I had no true rest. Even in my sleep, I dreamt I was sweltering at practice. At home, we couldn’t afford air conditioning so I’d wake up several times throughout the night, my sheets clinging to my body. One night I woke up screaming with my first charley horse. Every morning I woke with aching muscles and new bruises replacing the old fading ones. I was never ready to go out there again, but I always did.

One day, as practice ended, I took off my helmet. I was overheated, parched, filthy, and my eyes stung. I started toward the water pipe.

“Put your helmets back on, boys!” Coach yelled. “Two of your teammates decided to come late to practice today. As a result, they will watch the rest of you bear crawl until they learn their lesson!”

What?! We have to be punished for their mistake? This doesn’t make any sense!

Coach ordered the offending players to sit on a tackling dummy.

The rest of were to bear crawl the length of the field, akin to climbing a horizontal mountain. As I started, I looked 100 yards in the distance to see the goalposts wave in the heat.

Behind the goalposts, two girls from our class, team managers, sat, fanning themselves with clipboards. I was clueless about girls, but I knew one thing about them: they talked. Beyond wanting to make the team, I wanted word to get out among their tribe.

I imagined the talk if I were to quit:

Who’s this Bob Chikos guy in my class?

He was a loser in my junior high. He still is. He quit football during preseason.

But if I survived:

Who’s this Bob Chikos guy in my class?

He was this fat guy at my junior high, but he’s changed! He made the football team. He’s actually pretty good!

My hamstrings were so tight, I couldn’t bend my knees. Since I had little upper body strength, I locked my arms to keep from falling. When I looked down, all I could see were drops of sweat landing on my filthy hands and an occasional bee threatening to sting.

After 100 yards of crawling, Coach blew his whistle.

“Get back here!” he screamed. “If you don’t make it in time, you’re all doing more!”

We sprinted across the field, toward the goal line, where Coach stood like the only girl in port.

As the last of us limped to the end, he announced, “Not everybody made it back in time. I guess our two friends haven’t learned their lesson yet. Go again.”

Again, we crawled. Because I was exhausted, I had to put in more exertion just to cover the same distance.

At midfield, I looked to my left. Someone had taken off his helmet and was on his hands and knees, vomiting. Twenty yards later, I looked to my right. Four others were walking toward the locker room.

Not me – football is all I’ve got!

Ten yards from reaching the end, Coach’s whistle blew. I scrambled to my feet. My ankles locked. Unable to push off the ball of my foot, I ran off my heels. At the worst possible moment, I had forgotten how to run.

Through my facemask, I saw everyone finish ahead of me. Everyone will have to go again because of me. 

I was the last one in, but I made it. Coach looked at his watch in mock surprise. “Oh, I’m sorry. I didn’t start my stopwatch so I don’t know if you made it back in time or not. Looks like you’ll have to go again.”

Worse than the abuse in junior high, worse than the physical treatment in practice, worse than the incinerating heat, now my spirit had been broken.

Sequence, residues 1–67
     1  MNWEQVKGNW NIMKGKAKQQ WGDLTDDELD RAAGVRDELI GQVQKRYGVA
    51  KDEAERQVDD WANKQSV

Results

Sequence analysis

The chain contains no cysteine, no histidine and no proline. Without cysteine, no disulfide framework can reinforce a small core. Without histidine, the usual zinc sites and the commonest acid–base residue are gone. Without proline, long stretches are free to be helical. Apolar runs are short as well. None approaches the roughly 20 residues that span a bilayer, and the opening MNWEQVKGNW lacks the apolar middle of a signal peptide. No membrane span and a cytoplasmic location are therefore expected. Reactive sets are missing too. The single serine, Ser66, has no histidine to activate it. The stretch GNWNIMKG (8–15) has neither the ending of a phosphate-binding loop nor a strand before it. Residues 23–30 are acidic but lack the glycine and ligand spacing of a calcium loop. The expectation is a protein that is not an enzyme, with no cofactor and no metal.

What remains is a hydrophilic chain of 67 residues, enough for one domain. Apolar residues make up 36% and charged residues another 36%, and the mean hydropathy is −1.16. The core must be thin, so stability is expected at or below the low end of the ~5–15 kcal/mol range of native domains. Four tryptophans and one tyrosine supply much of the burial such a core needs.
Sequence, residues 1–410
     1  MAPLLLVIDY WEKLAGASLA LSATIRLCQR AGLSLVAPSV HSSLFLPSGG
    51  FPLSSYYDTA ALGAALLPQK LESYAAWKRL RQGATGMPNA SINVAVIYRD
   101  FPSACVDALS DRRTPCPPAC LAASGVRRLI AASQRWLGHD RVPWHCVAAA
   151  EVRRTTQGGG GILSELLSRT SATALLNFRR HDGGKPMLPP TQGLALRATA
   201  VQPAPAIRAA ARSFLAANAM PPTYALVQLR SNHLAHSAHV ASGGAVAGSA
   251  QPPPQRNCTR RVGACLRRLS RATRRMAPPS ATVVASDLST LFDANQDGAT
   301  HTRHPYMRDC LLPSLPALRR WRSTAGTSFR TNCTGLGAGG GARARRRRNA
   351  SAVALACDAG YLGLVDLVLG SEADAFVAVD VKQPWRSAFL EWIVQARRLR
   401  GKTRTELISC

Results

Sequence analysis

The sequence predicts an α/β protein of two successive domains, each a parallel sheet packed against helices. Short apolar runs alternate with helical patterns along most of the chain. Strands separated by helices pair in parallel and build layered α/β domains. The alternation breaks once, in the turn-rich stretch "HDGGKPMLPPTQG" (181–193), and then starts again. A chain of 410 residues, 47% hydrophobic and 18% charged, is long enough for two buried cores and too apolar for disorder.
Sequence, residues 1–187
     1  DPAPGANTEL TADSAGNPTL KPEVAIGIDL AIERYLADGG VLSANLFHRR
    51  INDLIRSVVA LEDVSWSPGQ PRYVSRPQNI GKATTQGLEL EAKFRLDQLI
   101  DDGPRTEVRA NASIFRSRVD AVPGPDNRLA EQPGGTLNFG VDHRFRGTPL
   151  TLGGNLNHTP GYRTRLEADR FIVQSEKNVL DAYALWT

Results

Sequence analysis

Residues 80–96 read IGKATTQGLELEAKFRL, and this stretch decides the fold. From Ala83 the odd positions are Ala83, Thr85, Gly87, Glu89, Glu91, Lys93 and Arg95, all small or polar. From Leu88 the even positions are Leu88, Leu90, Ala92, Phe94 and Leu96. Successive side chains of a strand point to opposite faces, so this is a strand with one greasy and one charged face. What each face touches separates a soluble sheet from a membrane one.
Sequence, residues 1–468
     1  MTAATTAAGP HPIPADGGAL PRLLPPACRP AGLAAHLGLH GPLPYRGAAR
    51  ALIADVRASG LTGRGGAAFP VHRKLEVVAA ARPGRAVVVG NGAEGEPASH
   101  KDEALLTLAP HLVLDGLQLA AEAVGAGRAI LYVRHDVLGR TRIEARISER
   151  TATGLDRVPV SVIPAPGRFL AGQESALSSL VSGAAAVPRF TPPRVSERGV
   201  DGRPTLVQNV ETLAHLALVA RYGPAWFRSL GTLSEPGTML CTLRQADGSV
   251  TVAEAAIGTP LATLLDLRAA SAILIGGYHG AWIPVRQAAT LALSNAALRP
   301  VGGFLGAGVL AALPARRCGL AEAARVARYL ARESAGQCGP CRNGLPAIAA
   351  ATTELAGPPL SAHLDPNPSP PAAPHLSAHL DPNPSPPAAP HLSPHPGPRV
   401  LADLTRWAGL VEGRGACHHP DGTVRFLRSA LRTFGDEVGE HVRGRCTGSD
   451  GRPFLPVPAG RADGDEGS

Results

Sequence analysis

I crouched back into my stance. This time, tears, not sweat, dripped onto my hands.

Forty yards down the field, I muttered, “You’re a bastard! I hate you, you bastard!”

I heard an assistant coach behind me, “You can go home any time, Chikos. Take a nice cool shower, sit in the air conditioning. Mama will feed you cookies.”

How long will this go on?! I thought. Even if I make it through this round, how many more will there be?

Twenty yards from the end, I accepted that I’d probably have to quit. I didn’t have what it took and I was dragging everyone else down. I wasn’t sure how I could live with the humiliation at school, being both a loser and a quitter, but I mostly dreaded having to tell my dad.

I heard the echo of the distant whistle. I fell to my knees, then climbed to my feet. Running, I inhaled wheezes as I saw people who had started behind me pass me up.

Forty yards from the end, I slowed to a walk. After 10 more yards, I stopped and doubled over.

I looked at everyone who was already at the end, just 30 yards away.

It was no longer a matter of will. I couldn’t do it. Those 30 remaining yards might as well have been 30 miles.

I felt someone grab my jersey. It was Casey, a fellow lineman.

I hadn’t known Casey before football. We had gone to different feeder schools. As someone who played the same position as I did, had I quit, he’d have less competition. He had nothing to gain if I stayed on the team.

I violated the most grievous sin among adolescent boys: I publicly cried. “I can’t do it!”

“Yes, you can, brother! I’m not doing any more bear crawling and neither are you!” He barked through his mouth guard. He dragged me as my legs moved from habit.

“Let me go! I’m quitting!” I begged.

“No, you’re not!”

Wheezing, we sounded like two bagpipes running down the field. His hand slipped from my jersey but he grabbed my wrist and continued to pull.

Hand in hand, we crossed the goal line.

Coach took off his hat and wiped his forehead with his forearm. “Ok, that’s enough, boys. Take a knee.”

I unsnapped my chinstrap and pried my helmet. Now that it was off, everybody could see me cry.

“I’m quitting.” I said to Casey, as I sniffed my runny nose.

“Dude, you’re not quitting.” He said, gasping between words.

“I just can’t take it anymore.” I said, in a high-pitched squeal. “And I hate Coach.”

“It’s over. We made it.”

“I can’t do another day like this.”

“It’ll get easier, brother.” He said. “Just don’t quit.”

I didn’t quit. I’d like to say this was the breakthrough of a stellar football career, but I didn’t have any game day success. It didn’t matter – no victory could have been as meaningful as finishing that day of practice. And Casey was right, it did get easier. Or, rather, we got stronger.